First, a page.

Magnetic resonance imaging patterns of shoulder injuries in strength trainers
How to cite this article: Ariyanayagam T, Kollimarla VS, Rachakonda A, Choudur HN. Magnetic resonance imaging patterns of shoulder injuries in strength trainers. Indian J Musculoskelet Radiol, doi: 10.25259/IJMSR_31_2023
Weightlifting, a recent addition to strength training regimes of elite athletes, offers various benefits such as increased muscle/tendon/bone strength, bone density, metabolism, and cardiac function. Although beneficial, weightlifting can contribute to various shoulder pathologies that include rotator cuff impingement and injuries to tendons/muscles/bones of the shoulder and shoulder girdle, with specific patterns of injury identified on magnetic resonance imaging (MRI). Our pictorial essay, therefore, aims to familiarize radiologists and sports medicine physicians with the mechanisms, various types, and MRI patterns of shoulder/shoulder-girdle injuries, thereby enabling appropriate alterations to training regimens to prevent further injury.
Magnetic resonance imaging
Strength training through weightlifting exercises (particularly the “clean-and-jerk,” a two-move lift) has increasingly become a prevalent part of athletes’ training regimens.[1-4] The first movement, the “clean,” is the lifting of the barbell from the ground to a resting position on the lifter’s shoulders [Figure 1a]. The second movement is the “jerk” wherein both arms are extended to lift the barbell above the head [Figure 1b]. With the clean-and-jerk maneuver, the goal is to develop strength by lifting the maximum weight possible in one repetition. Although weightlifting has many benefits including increased muscle/tendon/bone strength, bone density, metabolism, and cardiac function, it can also lead to injuries, as the body is exposed to great forces.[5-9]
Weightlifting most commonly injures the shoulder joint, followed by the lower back and elbow.[10,11] The spectrum of shoulder injuries can be ascribed to the transmission of force through the shoulder girdle during the phases of the clean-and-jerk. At the end of the “clean” phase, the weight is transmitted vertically through the lateral clavicles and acromioclavicular (AC) joints. During the “jerk,” as the weight is lifted to full overhead extension, force is transmitted through the glenohumeral joint and the inferior joint capsule.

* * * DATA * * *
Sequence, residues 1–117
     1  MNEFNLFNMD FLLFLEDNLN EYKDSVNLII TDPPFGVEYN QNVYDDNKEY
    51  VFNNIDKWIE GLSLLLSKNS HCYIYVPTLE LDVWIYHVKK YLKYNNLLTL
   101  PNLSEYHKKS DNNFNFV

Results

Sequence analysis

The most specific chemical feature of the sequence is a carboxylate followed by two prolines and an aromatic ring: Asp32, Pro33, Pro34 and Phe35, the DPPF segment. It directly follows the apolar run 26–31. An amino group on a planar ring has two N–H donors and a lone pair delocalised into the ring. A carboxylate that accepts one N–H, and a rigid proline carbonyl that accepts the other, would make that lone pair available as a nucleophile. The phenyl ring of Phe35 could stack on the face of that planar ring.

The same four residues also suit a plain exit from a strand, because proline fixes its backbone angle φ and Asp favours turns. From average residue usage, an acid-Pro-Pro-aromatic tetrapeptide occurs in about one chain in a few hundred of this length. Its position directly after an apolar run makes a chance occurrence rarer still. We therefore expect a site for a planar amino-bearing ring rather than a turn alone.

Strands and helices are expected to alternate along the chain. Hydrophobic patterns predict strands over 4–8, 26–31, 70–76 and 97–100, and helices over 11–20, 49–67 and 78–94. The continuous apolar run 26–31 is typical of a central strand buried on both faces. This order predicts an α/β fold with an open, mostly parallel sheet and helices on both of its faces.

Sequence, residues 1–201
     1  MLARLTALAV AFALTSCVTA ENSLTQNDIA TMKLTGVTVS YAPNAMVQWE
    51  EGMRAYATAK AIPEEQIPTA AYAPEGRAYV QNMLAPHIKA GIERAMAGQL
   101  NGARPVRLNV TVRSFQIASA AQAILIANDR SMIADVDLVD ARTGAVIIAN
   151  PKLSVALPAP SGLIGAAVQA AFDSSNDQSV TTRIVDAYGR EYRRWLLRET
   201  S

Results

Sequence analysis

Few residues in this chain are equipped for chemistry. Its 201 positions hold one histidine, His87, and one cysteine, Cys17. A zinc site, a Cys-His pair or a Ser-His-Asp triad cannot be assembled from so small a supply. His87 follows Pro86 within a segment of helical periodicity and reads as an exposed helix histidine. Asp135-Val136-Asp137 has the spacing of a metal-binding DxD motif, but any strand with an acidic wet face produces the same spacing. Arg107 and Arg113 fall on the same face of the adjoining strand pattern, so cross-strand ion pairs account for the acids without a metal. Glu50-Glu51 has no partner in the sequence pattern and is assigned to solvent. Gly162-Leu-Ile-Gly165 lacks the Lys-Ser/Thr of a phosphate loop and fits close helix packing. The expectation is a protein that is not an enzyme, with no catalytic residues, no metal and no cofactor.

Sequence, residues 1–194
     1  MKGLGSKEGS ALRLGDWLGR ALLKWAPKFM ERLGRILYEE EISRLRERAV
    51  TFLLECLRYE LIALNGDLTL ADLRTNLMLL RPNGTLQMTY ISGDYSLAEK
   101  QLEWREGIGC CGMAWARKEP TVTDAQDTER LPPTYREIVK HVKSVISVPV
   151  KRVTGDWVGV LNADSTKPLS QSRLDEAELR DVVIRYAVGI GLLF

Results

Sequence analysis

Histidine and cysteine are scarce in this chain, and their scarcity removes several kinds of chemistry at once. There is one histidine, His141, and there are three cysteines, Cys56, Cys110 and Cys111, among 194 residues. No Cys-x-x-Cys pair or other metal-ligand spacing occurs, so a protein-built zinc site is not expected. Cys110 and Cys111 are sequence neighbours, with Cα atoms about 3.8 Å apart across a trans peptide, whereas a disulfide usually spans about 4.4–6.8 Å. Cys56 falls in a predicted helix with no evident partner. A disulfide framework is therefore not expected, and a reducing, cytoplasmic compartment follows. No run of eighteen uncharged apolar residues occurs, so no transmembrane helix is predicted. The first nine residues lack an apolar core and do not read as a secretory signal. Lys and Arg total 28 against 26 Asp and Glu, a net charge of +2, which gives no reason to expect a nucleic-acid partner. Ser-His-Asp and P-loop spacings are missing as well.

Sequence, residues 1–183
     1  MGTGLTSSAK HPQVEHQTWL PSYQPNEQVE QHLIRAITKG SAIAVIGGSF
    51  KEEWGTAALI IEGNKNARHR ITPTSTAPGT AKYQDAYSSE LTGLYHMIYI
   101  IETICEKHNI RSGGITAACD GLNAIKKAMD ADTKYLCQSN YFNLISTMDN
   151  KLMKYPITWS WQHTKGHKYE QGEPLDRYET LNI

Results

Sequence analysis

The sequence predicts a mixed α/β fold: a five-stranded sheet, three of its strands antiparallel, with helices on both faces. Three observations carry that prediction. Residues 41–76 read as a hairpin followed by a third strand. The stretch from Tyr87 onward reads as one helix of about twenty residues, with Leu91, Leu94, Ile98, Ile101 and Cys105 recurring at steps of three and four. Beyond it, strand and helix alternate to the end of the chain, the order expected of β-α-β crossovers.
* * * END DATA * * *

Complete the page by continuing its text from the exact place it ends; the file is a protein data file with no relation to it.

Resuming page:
In this pictorial assay, we present the commonly seen magnetic resonance imaging (MRI) patterns of shoulder injuries caused by weightlifting regimens of elite athletes referred to the radiology department of our tertiary sports-medicine center. These patients had a history of shoulder pain and/or limited range of movement. The patients did not have any history of direct shoulder injury relating to a contact sport (i.e., football/wrestling/ basketball) or other forms of strength training. Specific injury patterns relating to the biomechanics of weightlifting are discussed in this article.
By the end of the “clean” phase, the force of the weight is transmitted vertically through the lateral clavicles and AC joints [Figure 2a]. During the “jerk,” the weight is lifted to full overhead extension and the force is transmitted through the glenohumeral joint in a craniocaudal direction along the line of the vector force [Figure 2b].[12,13] The MR images demonstrate that the injuries sustained during these two maneuvers occur exclusively along the line of force.
The AC joint injuries include AC joint sprain [Figure 3], capsule-ligamentous complex tears [Figure 4], joint separation, and post-traumatic arthropathy [Figure 5]. Tendon injuries include deltoid tendon tears [Figure 6], rotator cuff tendinosis [Figure 7], and rotator cuff tears [Figures 8 and 9]. Rotator cuff pathologies include rotator cuff hypertrophy leading to pseudo-impingement from overfilling of the subacromial space [Figure 10]. Injuries of the glenohumeral joint include labrum [Figure 11], capsule, and glenohumeral ligamentous injuries [Figures 12 and 13]. Bony injuries include distal clavicle [Figure 14] and coracoid [Figure 15] stress reactions, marrow edema, traction edema, and cystic changes at the greater tuberosity of the humerus at the attachment of the rotator cuff tendons [Figure 16].
Knowledge of the biomechanics, injury patterns, and MRI appearances of weightlifting injuries, in conjunction with the clinical history of weightlifting regimens, can help with an accurate diagnosis of the underlying cause of shoulder pain and limitation of movement.
These shoulder injuries can have serious implications on an athlete’s function, performance, and return to sport. With weightlifting becoming a popular feature of strength-training programs, even in amateur athletes, the risk of shoulder injuries would undoubtedly rise.
This pictorial assay, therefore, aims to familiarize radiologists and sports physicians with MR patterns of shoulder/shoulder-girdle injuries to ensure the detection and timely treatment of weightlifting injuries.
All authors reviewed and edited the manuscript and approved the final version of the manuscript.
Declaration of patient consent
Patient’s consent not required as patient’s identity is not disclosed or compromised.
Conflicts of interest
There are no conflicts of interest.
Use of artificial intelligence (AI)-assisted technology for manuscript preparation
The author(s) confirms that there was no use of Artificial Intelligence (AI)-Assisted Technology for assisting in the writing or editing of the manuscript and no images were manipulated using the AI.
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